In an answer and cross-appeal, the parent responds to the district's allegations and generally argues to uphold the IHO's decision in its entirety. The parent asserts, however, that the request for review must be dismissed because the district failed to timely and properly serve the student in this case with the request for review. As for the cross-appeal, the parent argues that the IHO erred by failing to address the alleged child-find violations, and failing to address claims that the student's eligibility did not expire on June 30, 2020. In addition, the parent contends that the IHO erred by failing to address her section 504 allegations and by failing to address her arguments that the student's eligibility for special education did not expire until June 30, 2021. As relief, the parent seeks an order granting her request for compensatory educational services, or alternatively, to remand the matter to the IHO for a full review of claims, including alleged child-find violations, whether the student aged-out when she turned 22 years of age, and whether the district violated section 504.
In an answer to the cross-appeal, the district responds to the parent's allegations and asserts that the parent's answer and cross-appeal must be dismissed for the failure to timely serve the pleading.
V. Applicable Standards
Two purposes of the IDEA (20 U.S.C. §§ 1400-1482) are (1) to ensure that students with disabilities have available to them a FAPE that emphasizes special education and related services designed to meet their unique needs and prepare them for further education, employment, and independent living; and (2) to ensure that the rights of students with disabilities and parents of such students are protected (20 U.S.C. § 1400[d][A]-[B]; see generally Forest Grove Sch. Dist. v. T.A., 557 U.S. 230, 239 ; Bd. of Educ. of Hendrick Hudson Cent. Sch. Dist. v. Rowley, 458 U.S. 176, 206-07 ).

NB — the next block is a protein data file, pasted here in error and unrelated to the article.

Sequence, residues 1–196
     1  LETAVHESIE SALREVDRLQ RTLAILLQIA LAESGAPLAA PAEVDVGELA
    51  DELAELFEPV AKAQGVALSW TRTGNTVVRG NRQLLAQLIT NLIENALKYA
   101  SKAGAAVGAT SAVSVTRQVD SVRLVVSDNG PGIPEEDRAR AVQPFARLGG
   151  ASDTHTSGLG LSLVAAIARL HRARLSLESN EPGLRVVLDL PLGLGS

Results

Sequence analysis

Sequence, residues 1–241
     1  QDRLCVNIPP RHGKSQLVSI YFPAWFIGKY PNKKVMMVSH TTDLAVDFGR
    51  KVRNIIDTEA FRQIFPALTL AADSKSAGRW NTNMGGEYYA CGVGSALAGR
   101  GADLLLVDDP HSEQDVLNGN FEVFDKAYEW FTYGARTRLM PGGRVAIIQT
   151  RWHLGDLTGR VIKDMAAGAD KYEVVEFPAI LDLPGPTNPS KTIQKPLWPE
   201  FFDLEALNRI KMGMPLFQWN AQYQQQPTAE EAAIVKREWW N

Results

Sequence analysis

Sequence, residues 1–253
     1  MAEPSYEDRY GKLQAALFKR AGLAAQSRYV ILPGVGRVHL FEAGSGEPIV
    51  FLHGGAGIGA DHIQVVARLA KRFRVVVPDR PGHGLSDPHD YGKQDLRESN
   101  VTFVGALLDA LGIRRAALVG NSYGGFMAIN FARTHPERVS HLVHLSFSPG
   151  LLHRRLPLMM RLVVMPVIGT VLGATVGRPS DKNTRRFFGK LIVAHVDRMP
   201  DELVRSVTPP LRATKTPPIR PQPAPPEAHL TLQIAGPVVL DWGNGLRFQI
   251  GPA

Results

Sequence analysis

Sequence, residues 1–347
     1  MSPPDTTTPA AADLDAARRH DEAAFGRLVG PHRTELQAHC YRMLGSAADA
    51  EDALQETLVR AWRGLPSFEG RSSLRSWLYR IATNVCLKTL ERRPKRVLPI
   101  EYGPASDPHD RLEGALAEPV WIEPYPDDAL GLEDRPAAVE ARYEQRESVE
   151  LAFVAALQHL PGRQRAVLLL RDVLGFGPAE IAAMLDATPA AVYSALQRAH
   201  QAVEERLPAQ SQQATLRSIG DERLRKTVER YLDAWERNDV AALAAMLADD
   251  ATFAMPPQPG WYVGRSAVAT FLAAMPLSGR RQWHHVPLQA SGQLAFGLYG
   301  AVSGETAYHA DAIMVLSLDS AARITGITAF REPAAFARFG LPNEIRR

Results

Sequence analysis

A FAPE is offered to a student when (a) the board of education complies with the procedural requirements set forth in the IDEA, and (b) the IEP developed by its CSE through the IDEA's procedures is reasonably calculated to enable the student to receive educational benefits (Rowley, 458 U.S. at 206-07; T.M. v. Cornwall Cent. Sch. Dist., 752 F.3d 145, 151, 160 [2d Cir. 2014]; R.E. v. New York City Dep't of Educ., 694 F.3d 167, 189-90 [2d Cir. 2012]; M.H. v. New York City Dep't of Educ., 685 F.3d 217, 245 [2d Cir. 2012]; Cerra v. Pawling Cent. Sch. Dist., 427 F.3d 186, 192 [2d Cir. 2005]). "'[A]dequate compliance with the procedures prescribed would in most cases assure much if not all of what Congress wished in the way of substantive content in an IEP'" (Walczak v. Fla. Union Free Sch. Dist., 142 F.3d 119, 129 [2d Cir. 1998], quoting Rowley, 458 U.S. at 206; see T.P. v. Mamaroneck Union Free Sch. Dist., 554 F.3d 247, 253 [2d Cir. 2009]). The Supreme Court has indicated that "[t]he IEP must aim to enable the child to make progress. After all, the essential function of an IEP is to set out a plan for pursuing academic and functional advancement" (Endrew F. v. Douglas Cty. Sch. Dist. RE-1, 580 U.S. 386, 399 ). While the Second Circuit has emphasized that school districts must comply with the checklist of procedures for developing a student's IEP and indicated that "[m]ultiple procedural violations may cumulatively result in the denial of a FAPE even if the violations considered individually do not" (R.E., 694 F.3d at 190-91), the Court has also explained that not all procedural errors render an IEP legally inadequate under the IDEA (M.H., 685 F.3d at 245; A.C. v. Bd. of Educ. of the Chappaqua Cent. Sch. Dist., 553 F.3d 165, 172 [2d Cir. 2009]; Grim v. Rhinebeck Cent. Sch. Dist., 346 F.3d 377, 381 [2d Cir. 2003]). Under the IDEA, if procedural violations are alleged, an administrative officer may find that a student did not receive a FAPE only if the procedural inadequacies (a) impeded the student's right to a FAPE, (b) significantly impeded the parents' opportunity to participate in the decision-making process regarding the provision of a FAPE to the student, or (c) caused a deprivation of educational benefits (20 U.S.C. § 1415[f][E][ii]; 34 CFR 300.513[a]; 8 NYCRR 200.5[j][ii]; Winkelman v. Parma City Sch. Dist., 550 U.S. 516, 525-26 ; R.E., 694 F.3d at 190; M.H., 685 F.3d at 245).